How to wring every ounce of performance from data center storage


How to ratchet up data center storage performance

Many public sector CIOs who are at the start of their cloud journey know that the cloud should be part of their overall storage strategy, but are uncertain just how large a role it should play. As a result, they  often find it difficult to figure out where to begin. 

One of the first steps is conducting a thorough inventory of the current data center infrastructure, which is often a heterogeneous mix of server, network and storage platforms. While Gartner estimates that storage capacity demands are growing at 50 percent per year, storage budgets are expected to grow at less than 10 percent. In short, IT teams will have to do more with less.

One way CIOs can address this challenge is by looking at ways to maximize current investments in the storage infrastructure and aim for higher utilization.  Underutilization is inefficient and wasteful, and there are ways to wring every ounce of performance and disk space out of existing investments before considering the cloud for storage.

There are three storage efficiency technologies that can reap tremendous benefit for an agency – in both cost and space savings.  Making efficient use of storage already in place frees up resources for investments in new technologies, including cloud-enabled storage. It also lets agencies actually compare the costs of cloud services to those of its own data center. Applying these technologies is a great first step on the road to the cloud.


Some of the biggest clogs in any data storage system are related to redundant data.  By applying the intelligent compression made possible by deduplication, only one instance of the data is retained on disk. The redundant data is replaced by a pointer that lets the system know where to find that single stored version of the data.  Depending on the workload, deduplication can mean massive savings in terms of disk storage and network traffic.  Deduplication can also shrink backup windows.

But don’t think of deduplication as only for backup or archive workloads.  Deduplication in primary workloads can help agencies store more “hot data” – the business-critical information that needs to be accessed more frequently – and deliver higher performance.  When looking for ways to maximize efficiencies within an existing storage architecture, deduplication is always a smart place to start.

Thin provisioning

All enterprise applications are allotted a set amount of storage to operate – this is referred to as provisioning.  The problems arise when these storage predictions are either estimated too low, causing performance problems, or too high, resulting in underutilization on either end of the spectrum. The latter case can also lead to fat provisioning, where IT shops buy more storage than is actually needed.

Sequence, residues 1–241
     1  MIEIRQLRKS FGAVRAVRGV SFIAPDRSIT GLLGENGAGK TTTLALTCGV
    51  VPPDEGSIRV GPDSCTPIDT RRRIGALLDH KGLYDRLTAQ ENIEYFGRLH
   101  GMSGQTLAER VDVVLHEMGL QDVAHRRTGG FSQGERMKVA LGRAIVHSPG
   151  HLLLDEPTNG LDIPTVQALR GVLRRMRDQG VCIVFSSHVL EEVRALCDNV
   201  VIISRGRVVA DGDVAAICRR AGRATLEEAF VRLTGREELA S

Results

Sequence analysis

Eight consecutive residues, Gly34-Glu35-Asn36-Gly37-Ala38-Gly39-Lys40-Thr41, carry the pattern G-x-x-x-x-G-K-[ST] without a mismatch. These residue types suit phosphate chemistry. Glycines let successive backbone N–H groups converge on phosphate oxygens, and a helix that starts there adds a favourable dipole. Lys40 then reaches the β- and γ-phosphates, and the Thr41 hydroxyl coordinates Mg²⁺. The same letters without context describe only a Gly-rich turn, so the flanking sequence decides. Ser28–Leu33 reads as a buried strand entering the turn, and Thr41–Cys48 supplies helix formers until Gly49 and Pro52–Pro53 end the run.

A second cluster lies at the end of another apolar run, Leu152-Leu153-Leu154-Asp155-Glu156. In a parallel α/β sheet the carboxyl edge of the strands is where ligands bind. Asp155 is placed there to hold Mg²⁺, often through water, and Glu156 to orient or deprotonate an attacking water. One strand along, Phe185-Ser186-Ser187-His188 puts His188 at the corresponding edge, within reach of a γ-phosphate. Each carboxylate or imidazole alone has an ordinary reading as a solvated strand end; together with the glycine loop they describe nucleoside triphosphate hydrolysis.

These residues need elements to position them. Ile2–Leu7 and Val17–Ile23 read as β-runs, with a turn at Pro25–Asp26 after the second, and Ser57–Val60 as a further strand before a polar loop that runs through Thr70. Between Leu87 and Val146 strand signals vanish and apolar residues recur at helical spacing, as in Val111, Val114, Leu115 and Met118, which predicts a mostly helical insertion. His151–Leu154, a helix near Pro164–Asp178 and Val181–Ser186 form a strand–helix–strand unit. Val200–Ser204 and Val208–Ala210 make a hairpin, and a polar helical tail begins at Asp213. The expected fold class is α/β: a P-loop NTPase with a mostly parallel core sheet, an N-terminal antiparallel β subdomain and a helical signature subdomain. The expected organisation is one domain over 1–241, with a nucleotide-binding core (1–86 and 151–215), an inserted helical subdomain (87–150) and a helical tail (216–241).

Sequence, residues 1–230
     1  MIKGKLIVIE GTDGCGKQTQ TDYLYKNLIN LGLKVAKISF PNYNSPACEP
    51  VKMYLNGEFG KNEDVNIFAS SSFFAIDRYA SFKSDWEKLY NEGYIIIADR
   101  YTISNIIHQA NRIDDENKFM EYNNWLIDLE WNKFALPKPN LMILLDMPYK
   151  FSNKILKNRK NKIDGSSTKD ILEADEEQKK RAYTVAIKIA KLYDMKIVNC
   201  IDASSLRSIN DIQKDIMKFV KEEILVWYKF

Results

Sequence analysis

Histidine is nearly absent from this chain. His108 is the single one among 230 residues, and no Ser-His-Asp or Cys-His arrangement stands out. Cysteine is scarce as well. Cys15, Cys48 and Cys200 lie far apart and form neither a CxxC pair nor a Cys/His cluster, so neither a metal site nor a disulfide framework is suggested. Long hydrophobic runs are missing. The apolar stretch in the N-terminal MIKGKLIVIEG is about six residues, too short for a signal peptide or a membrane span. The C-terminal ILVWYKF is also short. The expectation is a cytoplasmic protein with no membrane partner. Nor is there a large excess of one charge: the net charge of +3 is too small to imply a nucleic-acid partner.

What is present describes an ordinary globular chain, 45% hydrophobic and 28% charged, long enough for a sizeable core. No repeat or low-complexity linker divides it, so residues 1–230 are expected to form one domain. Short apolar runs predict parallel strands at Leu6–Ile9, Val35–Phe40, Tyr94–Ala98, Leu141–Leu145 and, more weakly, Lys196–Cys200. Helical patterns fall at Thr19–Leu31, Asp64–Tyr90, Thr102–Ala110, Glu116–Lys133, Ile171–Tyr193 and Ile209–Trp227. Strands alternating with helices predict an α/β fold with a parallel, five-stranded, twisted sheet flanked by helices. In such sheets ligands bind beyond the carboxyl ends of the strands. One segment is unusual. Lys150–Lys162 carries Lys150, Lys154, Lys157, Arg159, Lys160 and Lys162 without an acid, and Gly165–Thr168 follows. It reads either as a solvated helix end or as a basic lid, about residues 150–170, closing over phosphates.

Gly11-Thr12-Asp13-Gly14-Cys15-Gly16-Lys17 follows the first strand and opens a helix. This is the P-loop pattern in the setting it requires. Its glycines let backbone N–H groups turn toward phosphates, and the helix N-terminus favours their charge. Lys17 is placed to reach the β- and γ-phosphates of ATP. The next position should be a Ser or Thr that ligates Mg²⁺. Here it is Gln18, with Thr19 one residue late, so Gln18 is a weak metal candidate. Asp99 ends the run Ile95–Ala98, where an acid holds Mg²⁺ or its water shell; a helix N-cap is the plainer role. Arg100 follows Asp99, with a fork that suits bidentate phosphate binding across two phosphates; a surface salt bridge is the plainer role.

Thin provisioning lets storage teams allocate disk storage space in a flexible manner among multiple users, which saves money by protecting the storage spend from applications that ask for lots of storage up front and don’t use it.  When app teams plan for several years of predicted usage, thin provisioning keeps them from locking or stranding storage where it isn’t being utilized. This results in better efficiencies and cost savings.


Next up in the storage toolkit is compression.  Compressing reduces the number of bits and bytes required to represent data by encoding information more efficiently.  Compression can reduce a text file to half of its original size.  Smaller data is faster to transfer, cheaper to store and helps free up precious network bandwidth.  And it can be enabled on primary storage volumes, secondary storage volumes or both.

These three storage efficiency technologies – deduplication, thin provisioning and compression – can combine to significantly reduce the total amount of storage needed, lowering both capital and operating expenses.  Total space savings can range up to 87 percent for compression alone, depending on the application.  Implementing all three can take the savings even higher. 

While cloud-enabled storage can provide many avenues for savings, the best place to begin any cloud journey is with a comprehensive inventory of the data center to find places where  the existing storage investments can do more.  Getting back to basics is a great way to prioritize storage needs, maximize current storage assets and figure out how to eventually make cloud-enabled storage a key component of an overall storage plan.

About the Author

Chip George is NetApp's director of state, local government and education.


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